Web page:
{More about healthy boundaries here} ——————————–

Courage is our ability to face our fears head on and find a way to grow through them. Courage gives us the strength to stand up and say what we really want. The ability to feel that negative emotion and not let it consume us to the point where we can’t live a happy and purposeful life despite our limitations and the challenges we face.

There’s a lot of anxiety and fear associated with growing old{er}; fear of losing your independence, fear of not being able to make a living, fear of losing our parents and ultimately the fear of our own death! But that fear doesn’t have to hold us hostage and keep us from being the people we were meant to be.

Just as we exercise to increase physical strength we can practice courage on a regular basis to increase our emotional strength to age in a courageous way. It starts with baby steps and can grow in to something really big and powerful!

Ways to Cultivate Your Courage!

Awareness is the very first thing you need to practice in order to cultivate courage. Become aware of your internal dialogue and what’s pushing your buttons. Without awareness, we are destined to make the same mistake over and over again. Awareness is the on switch that illuminates our courage!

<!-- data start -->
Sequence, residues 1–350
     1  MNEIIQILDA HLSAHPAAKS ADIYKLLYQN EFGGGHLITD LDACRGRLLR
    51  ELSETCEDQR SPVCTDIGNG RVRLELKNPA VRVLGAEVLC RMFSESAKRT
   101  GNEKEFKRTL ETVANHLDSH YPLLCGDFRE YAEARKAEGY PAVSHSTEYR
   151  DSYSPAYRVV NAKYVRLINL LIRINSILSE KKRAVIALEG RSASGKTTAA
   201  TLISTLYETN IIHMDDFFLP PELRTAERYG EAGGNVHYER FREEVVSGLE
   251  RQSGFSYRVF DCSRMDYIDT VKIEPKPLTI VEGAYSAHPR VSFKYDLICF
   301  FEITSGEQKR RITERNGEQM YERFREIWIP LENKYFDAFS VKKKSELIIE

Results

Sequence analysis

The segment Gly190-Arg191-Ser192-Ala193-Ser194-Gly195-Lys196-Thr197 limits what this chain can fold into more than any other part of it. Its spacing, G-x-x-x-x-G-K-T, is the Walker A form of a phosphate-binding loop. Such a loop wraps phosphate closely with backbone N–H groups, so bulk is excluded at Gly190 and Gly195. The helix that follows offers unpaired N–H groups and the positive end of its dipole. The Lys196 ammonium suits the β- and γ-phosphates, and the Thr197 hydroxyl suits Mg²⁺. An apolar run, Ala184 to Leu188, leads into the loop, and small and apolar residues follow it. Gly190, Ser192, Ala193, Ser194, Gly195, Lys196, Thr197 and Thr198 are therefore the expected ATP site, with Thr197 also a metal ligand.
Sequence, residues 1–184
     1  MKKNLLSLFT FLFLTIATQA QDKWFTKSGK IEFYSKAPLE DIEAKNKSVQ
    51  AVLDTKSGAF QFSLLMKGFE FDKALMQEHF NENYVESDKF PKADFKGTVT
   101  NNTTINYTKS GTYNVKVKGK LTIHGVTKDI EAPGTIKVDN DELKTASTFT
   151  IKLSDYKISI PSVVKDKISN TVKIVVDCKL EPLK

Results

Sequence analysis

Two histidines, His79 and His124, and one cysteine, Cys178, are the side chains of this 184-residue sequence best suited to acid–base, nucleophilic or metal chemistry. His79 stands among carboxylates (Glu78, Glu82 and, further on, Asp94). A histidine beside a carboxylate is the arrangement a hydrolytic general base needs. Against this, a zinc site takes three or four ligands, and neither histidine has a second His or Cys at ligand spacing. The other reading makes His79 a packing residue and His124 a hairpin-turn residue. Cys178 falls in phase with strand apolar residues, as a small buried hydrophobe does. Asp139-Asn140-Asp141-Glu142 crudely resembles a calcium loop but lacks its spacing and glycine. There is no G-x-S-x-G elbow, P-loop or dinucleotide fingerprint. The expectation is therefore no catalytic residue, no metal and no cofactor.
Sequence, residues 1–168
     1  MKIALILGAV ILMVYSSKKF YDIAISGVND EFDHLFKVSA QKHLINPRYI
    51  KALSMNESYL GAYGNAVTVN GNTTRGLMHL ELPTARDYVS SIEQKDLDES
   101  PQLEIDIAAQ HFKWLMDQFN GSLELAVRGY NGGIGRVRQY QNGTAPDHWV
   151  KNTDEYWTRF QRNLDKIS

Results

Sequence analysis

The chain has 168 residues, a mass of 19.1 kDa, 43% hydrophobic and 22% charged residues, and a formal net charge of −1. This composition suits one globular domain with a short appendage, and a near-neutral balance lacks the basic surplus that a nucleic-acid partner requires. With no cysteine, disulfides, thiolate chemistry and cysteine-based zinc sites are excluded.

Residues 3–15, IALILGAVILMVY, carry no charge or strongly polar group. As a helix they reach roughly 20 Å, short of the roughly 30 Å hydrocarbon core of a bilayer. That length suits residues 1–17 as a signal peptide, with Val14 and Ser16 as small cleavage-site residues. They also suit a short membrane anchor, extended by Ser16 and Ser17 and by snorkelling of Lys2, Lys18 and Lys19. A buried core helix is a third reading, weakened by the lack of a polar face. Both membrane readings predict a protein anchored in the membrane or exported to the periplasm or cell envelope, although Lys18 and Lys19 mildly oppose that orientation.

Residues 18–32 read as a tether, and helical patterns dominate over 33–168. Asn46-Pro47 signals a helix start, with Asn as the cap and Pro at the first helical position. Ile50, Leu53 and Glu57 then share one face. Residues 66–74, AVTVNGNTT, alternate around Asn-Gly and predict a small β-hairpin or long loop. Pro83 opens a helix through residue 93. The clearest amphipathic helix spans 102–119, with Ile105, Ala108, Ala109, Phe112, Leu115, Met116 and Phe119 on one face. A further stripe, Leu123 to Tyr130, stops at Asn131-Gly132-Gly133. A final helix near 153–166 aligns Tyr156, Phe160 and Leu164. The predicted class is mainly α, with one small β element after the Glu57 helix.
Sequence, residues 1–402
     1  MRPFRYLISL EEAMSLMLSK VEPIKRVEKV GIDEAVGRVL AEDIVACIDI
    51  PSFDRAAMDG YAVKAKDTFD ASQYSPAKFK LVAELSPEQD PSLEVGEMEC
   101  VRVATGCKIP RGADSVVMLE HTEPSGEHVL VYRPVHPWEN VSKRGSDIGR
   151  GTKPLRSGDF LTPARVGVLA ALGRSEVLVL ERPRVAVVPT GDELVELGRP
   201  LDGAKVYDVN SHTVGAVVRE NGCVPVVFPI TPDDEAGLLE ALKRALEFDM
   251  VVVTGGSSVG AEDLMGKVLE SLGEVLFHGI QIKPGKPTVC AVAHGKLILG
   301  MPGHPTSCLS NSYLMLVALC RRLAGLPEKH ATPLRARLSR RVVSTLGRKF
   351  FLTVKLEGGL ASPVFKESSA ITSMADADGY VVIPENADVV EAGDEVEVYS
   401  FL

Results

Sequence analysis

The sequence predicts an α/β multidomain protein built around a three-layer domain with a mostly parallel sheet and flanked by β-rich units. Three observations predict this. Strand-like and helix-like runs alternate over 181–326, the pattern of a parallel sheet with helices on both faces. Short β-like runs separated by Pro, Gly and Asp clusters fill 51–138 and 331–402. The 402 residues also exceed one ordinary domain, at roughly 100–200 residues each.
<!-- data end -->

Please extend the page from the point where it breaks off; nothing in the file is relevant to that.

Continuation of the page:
Push yourself outside your comfort zone in small ways. You may not be able to run the 50 yard dash like you use to but I guarantee you there is some form of exercise out there for you. Take a class at your local gym that interest you or walk around the block. If physical isn’t your thing, you better find the courage to make it your thing.

Accept yourself right now exactly as you are. No thoughts of “I’ll feel better when I get this weight off, finish my degree, recuperate from this surgery”. Self acceptance will put you in a position to let go of imperfection and  understand that perfect has never existed so get over it!